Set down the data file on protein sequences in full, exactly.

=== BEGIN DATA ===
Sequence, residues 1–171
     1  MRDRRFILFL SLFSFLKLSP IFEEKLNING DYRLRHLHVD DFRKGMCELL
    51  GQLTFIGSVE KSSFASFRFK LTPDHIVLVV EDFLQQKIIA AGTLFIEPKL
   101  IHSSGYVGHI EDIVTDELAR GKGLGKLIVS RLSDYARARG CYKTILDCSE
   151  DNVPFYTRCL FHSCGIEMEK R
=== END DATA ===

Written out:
Sequence, residues 1–171
     1  MRDRRFILFL SLFSFLKLSP IFEEKLNING DYRLRHLHVD DFRKGMCELL
    51  GQLTFIGSVE KSSFASFRFK LTPDHIVLVV EDFLQQKIIA AGTLFIEPKL
   101  IHSSGYVGHI EDIVTDELAR GKGLGKLIVS RLSDYARARG CYKTILDCSE
   151  DNVPFYTRCL FHSCGIEMEK R